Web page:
Friday, February 26, 2016

Friday Slice of Heaven, Slice into the Woods 2/26/2016

Friday Slice of Heaven

This week: Saga, Chew, and Rachel Rising

Welcome back, Donist World Denizens! For those of you new to our site, I’m Donist, and I am joined by Donist World CFO the Reverse Obie* (my friends’ Boston terrier whose fur recently swapped colors) and by our marketing director / administrative assistant / party planner / Deadpool Historian Tulip (my dog, Obie’s sister). <shhhhhhhhhhhhh> Be very, very quiet, Denizens. Tulip and Reverse Obie are both crashed out on the couch here at the corporate office (Mom’s basement), and I don’t want to wake them. You see, they have both been pulling double duty with Donist World and maintaining our status as a Fortune 320,000 company since I started a new job this week (for which I am very excited). They’ve made coffee, discussed business plans, and also took out the trash per the landlord’s (Mom’s) request. They even had breakfast burritos brought in so I could start the day out right at Donist World before heading out for the second part of the morning at the new job. So, grab a breakfast burrito (hint…go for the one with bacon) and a nice cup of coffee, put on some ’80s retro synth music, and most of all read some great comics. Take care. Thank you for reading!

*Obie, through his dabbling in arcane magics mixed with ancient corrupt business practices, has had not just the colors of his fur switched, but a complete overhaul of his work ethic as well…I think I’m kinda okay with the mishap.

***Possible Spoilers Below***

Saga #34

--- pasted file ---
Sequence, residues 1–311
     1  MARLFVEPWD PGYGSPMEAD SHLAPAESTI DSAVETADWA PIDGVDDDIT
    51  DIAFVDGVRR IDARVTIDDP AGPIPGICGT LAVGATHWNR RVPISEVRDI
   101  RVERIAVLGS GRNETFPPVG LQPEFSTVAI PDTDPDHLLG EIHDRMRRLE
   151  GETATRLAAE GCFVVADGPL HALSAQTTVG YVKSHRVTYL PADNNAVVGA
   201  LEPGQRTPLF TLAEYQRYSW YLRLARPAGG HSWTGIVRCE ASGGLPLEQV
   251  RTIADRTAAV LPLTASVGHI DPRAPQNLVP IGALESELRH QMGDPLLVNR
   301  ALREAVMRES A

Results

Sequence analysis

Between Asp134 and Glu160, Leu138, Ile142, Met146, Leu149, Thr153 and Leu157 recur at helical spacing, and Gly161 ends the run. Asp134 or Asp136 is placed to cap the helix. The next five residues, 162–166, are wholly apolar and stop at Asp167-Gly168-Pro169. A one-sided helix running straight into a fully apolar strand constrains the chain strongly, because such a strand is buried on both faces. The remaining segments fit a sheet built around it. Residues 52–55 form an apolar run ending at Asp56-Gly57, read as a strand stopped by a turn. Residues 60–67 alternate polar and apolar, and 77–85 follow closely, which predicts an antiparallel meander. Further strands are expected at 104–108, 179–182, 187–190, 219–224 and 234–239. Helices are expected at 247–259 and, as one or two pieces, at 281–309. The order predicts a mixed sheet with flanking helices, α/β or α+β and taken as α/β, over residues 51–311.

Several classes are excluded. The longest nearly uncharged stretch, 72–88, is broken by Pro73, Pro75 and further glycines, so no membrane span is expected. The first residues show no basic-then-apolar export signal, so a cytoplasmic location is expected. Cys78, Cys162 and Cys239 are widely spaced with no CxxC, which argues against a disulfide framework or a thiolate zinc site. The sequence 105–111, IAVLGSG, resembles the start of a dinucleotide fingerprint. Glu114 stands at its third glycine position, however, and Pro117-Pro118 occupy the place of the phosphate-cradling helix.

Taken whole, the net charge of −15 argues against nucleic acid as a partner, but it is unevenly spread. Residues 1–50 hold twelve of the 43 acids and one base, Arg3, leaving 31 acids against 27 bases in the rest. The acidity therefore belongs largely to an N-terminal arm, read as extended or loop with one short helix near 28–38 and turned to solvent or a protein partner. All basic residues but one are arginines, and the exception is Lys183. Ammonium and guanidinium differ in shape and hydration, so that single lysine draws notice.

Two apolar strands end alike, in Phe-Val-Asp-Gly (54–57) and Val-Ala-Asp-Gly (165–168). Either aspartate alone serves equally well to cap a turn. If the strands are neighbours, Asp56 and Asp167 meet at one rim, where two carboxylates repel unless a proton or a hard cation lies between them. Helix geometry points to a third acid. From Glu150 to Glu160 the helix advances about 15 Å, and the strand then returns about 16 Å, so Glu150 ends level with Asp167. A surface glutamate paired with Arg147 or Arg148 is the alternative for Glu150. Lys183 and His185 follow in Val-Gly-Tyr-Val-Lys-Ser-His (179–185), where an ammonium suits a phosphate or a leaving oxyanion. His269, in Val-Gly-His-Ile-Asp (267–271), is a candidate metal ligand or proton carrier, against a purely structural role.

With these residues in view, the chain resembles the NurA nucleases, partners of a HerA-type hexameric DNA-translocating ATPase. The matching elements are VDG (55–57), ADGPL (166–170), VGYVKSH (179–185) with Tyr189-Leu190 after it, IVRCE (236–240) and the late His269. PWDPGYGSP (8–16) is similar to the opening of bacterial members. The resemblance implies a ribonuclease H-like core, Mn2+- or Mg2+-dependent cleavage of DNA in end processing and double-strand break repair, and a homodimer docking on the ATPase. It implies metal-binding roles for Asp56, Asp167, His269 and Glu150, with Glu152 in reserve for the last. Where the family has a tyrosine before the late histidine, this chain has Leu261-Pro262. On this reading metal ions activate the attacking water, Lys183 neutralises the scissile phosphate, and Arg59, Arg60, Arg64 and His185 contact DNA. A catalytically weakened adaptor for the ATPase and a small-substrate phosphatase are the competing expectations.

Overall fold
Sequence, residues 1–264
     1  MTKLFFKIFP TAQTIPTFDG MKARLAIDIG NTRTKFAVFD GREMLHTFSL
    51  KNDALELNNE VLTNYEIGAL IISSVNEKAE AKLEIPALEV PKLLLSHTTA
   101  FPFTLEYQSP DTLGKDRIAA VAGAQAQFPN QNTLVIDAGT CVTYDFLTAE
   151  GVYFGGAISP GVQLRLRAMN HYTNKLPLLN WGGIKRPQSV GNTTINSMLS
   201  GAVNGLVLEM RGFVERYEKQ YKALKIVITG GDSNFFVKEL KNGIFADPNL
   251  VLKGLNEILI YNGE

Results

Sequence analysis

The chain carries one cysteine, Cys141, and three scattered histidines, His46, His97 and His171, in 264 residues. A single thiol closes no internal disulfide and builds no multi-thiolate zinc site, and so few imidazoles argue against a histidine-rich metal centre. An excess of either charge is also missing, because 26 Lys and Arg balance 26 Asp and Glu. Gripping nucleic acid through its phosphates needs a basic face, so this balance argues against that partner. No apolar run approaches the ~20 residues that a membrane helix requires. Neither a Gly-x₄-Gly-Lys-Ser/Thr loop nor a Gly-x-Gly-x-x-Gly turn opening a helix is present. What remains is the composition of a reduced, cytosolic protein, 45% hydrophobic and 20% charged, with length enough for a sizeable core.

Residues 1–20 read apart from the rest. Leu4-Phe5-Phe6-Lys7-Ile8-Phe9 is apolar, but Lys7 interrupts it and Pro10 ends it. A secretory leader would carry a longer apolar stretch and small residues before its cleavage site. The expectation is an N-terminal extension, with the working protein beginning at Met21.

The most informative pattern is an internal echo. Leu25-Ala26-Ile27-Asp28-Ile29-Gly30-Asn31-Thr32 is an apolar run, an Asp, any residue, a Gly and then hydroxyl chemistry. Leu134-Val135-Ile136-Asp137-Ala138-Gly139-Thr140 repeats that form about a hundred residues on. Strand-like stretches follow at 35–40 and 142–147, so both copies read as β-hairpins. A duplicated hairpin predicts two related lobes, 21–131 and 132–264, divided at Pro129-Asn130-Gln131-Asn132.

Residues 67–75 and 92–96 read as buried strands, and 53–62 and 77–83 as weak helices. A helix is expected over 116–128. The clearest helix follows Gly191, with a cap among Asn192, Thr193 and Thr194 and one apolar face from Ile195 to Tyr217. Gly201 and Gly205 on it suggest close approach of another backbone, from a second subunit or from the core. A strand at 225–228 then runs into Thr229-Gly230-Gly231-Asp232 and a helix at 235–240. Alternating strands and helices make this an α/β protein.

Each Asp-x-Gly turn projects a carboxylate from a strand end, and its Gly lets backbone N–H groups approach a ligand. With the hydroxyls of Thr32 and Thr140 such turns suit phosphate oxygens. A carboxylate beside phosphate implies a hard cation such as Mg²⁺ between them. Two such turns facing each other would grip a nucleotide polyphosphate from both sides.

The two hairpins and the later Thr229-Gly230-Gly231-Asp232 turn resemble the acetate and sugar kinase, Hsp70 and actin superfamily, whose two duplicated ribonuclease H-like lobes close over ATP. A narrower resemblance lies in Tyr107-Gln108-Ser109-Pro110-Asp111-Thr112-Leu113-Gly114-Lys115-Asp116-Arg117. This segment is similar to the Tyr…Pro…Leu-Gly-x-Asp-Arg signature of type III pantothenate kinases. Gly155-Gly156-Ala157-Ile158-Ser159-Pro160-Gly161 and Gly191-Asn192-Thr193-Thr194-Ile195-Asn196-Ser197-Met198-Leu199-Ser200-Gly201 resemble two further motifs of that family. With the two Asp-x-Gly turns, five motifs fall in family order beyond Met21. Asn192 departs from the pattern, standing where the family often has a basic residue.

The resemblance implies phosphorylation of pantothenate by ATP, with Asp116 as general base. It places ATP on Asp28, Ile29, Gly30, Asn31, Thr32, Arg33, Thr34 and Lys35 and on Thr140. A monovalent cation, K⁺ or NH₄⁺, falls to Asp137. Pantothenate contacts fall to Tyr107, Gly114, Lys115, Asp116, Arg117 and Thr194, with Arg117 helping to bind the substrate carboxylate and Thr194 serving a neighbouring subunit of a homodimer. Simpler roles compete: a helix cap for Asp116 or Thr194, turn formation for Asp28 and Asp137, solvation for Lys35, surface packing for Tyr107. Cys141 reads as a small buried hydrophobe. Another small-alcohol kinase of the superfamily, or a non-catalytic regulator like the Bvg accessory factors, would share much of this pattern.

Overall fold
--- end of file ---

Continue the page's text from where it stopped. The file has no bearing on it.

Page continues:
Saga #34 - Written by Brian K. Vaughan, illustrated by Fiona Staples, lettered and designed by Fonografiks, coordinated by Eric Stephenson, published by Image Comics. Young Hazel would be in a world of trouble if not for friends in low and not-so-low places. Marko and Alana ask some old “friends” for some help finding their child. Meanwhile, The Will might have the will to succeed, but he might no longer be playing with a full deck. Finally…Friendo!!!

Holy guacamole! That was only 22 pages? For some reason this issue felt about double that. This is not a slam against the creators, and I do not mean to imply that the book was a chore to read. Quite the opposite. Multiple storylines move forward this issue, as we follow three of the four groups of characters whom the creators have endeared to us over the course of this fantastic series. We have watched Marko, Alana, and Hazel grow, love, make mistakes, drift, make some really bad mistakes, and reconnect with renewed purpose as the myriad other characters — all fully rounded out in their own rights — do the same. All the characters of Saga are so well developed, so fascinating that I’m uncertain whether their importance to the story should be reduced by referring to them as “secondary.” They’re all important, and I care deeply about each of them…even the “bad” guys.